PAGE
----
In a health study report of U.S. physicians , the frequency distribution of the MTHFR polymorphism was similar among patients and control subjects: the (+/+) genotype was present in 11% who developed MI (n = 293) and 13% who did not (n = 290) (relative risk 0.84, p = NS). In an exploratory analysis, the relative risk of MI in younger men (<60 years old) with low folate levels was 1.7 (95% CI 0.7 to 4.5) for the (+/+) genotype and 2.4 (95% CI 0.9 to 6.4) for the combined genotypes (+/−) and (+/+), each of which was compared with high folate and the wild type genotype (−/−) as reference. Neither comparison was significant. The study did confirm an association between the MTHFR polymorphism and tHCY levels, however, which averaged 12.6 ± 0.5 nmol/ml in (+/+) and 10.6 ± 0.3 in (−/−) subjects (p < 0.01). The difference was most marked among men with folate levels in the lowest quartile of the distribution of control subjects: 16.0 ± 1.1 versus 12.3 ± 0.6 nmol/ml, respectively (p < 0.001).
Van Bockxmeer et al. screened 555 whites with angiographic evidence of CAD and 143 community control subjects; 212 were categorized as to previous MI status. Homozygosity for the mutant C677T allele was found in 10.5% of control subjects, 10.6% of patients with CAD (<50 years old) and 9.1% of those with previous balloon angioplasty evaluated for restenosis. No relation was found between MI, CAD or restenosis and genotype. Plasma folate distributions were similar in control subjects and patients .
3.3 Overview of Studies
If this and the three other major prospective studies [30–32]are combined (Fig. 2), a relatively large experience with almost 2,000 patients and control subjects is obtained. The studies are consistent in showing no overall association between the MTHFR polymorphism and MI risk. The combined OR was 0.98 (95% CI 0.73 to 1.30). Except for the initial, small report that provoked further studies , these published observations are consistent in showing no evidence for an influence of the polymorphism on MI risk (or on angiographic CAD) in well nourished, mostly Caucasian populations.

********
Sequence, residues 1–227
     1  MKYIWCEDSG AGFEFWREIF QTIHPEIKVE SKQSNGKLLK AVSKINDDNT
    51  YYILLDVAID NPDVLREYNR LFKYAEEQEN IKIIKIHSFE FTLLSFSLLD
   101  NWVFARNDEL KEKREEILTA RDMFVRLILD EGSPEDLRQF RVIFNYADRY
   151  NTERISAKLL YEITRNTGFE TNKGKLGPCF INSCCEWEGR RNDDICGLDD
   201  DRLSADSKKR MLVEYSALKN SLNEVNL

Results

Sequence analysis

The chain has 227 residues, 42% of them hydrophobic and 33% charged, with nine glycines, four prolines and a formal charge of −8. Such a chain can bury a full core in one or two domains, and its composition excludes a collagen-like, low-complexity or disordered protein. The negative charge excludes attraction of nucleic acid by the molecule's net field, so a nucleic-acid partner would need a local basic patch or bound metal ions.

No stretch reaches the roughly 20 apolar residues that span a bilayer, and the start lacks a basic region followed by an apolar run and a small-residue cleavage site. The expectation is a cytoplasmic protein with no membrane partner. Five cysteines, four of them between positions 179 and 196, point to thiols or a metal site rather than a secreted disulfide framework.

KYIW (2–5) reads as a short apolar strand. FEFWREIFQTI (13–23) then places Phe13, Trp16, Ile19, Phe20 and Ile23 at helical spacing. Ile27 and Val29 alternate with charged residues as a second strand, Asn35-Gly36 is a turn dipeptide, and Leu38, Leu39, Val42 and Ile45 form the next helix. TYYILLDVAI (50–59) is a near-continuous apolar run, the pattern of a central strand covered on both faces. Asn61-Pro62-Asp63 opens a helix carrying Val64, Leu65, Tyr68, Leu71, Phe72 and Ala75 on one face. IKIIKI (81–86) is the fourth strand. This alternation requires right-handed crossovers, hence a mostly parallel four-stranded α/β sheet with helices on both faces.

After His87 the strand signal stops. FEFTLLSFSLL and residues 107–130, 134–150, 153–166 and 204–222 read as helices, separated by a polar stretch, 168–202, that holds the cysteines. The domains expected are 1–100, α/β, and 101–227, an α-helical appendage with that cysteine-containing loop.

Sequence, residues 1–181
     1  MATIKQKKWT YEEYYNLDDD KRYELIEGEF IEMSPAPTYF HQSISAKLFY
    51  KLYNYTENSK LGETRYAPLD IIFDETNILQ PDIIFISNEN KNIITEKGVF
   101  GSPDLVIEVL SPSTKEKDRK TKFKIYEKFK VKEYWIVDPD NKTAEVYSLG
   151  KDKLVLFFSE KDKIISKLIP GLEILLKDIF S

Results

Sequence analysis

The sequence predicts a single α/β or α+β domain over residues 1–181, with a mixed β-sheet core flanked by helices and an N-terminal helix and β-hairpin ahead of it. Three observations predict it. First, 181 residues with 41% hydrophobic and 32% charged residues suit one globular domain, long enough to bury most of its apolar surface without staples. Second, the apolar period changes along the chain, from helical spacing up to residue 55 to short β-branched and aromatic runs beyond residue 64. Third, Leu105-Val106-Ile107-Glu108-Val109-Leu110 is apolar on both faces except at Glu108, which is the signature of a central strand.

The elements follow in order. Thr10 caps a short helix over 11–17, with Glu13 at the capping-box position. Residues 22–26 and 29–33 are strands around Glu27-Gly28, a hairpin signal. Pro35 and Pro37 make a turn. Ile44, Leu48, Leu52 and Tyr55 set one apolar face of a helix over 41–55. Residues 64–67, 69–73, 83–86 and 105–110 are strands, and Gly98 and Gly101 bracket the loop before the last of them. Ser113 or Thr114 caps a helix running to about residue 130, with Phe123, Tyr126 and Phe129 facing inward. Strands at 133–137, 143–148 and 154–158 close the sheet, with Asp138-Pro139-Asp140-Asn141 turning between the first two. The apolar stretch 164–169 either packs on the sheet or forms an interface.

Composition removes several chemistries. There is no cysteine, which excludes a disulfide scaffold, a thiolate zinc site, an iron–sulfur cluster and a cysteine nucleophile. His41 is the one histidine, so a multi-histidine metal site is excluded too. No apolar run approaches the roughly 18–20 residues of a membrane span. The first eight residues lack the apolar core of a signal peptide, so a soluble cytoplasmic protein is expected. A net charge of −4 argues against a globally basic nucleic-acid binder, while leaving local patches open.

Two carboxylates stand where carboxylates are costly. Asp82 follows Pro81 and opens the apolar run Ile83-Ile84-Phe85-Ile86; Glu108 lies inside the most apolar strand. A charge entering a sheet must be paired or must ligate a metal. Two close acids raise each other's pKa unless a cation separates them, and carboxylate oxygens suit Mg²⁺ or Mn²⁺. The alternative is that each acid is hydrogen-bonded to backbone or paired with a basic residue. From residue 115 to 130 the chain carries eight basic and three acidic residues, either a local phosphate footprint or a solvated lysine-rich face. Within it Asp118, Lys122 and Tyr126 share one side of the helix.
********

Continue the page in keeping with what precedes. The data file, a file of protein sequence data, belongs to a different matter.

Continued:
3.4 Pathophysiologic Considerations
Why is there an absence of an effect of the polymorphism on MI risk when studies as a whole are consistent with an effect on tHCY levels, especially among those with lower folate intake? It appears likely that any effect of the genetic defect is indirect and acts through effects on tHCY levels. However, these effects may be of limited magnitude (mild or insignificant clinical impact), except in specific, vulnerable groups, such as young individuals with very low folate levels . Overall, among well nourished subjects, the genetic defect may be largely compensated for by adequate dietary folate intake. We did not have plasma samples available for folate and tHCY measurements, but in the other recent studies [30–32], they were measured in subsets of subjects, and the findings were consistent in showing little if any overall effect of the polymorphism on folate and tHCY levels. However, the results of these four moderately large studies in groups with favorable socioeconomic and nutritional status do not exclude the possibility of an effect in a younger sample group with substantially lower folate intake . Thus, additional studies in such groups should be encouraged.
In a prospectively studied, angiographically defined U.S. population of European descent, no relation of the MTHFR C677T mutation with the risk of either MI or angiographically defined CAD was found. This finding for MI is in contrast to molecular pathophysiologic considerations and an initial, small clinical study , but is consistent with three contemporary studies of moderate size [30–32]. We also observed an absence of an effect of genotype on angiographically defined CAD. These findings suggest that this mutation is not likely to be a useful marker of increased cardiovascular risk in this or similar groups. An effect of the polymorphism in younger subjects with substantially lower folate intake is still possible and should be explored in future studies.
☆ This study was supported in part by a grant from the Deseret Foundation, LDS Hospital, Salt Lake City, Utah.
- base pair
- coronary artery disease
- confidence interval
- deoxyribonucleic acid
- ethylenediaminetetraacetic acid
- total plasma homocysteine (level)
- myocardial infarction
- methylenetetrahydrofolate reductase
- odds ratio
- Received March 26, 1997.
- Revision received July 15, 1997.
- Accepted July 21, 1997.
- The American College of Cardiology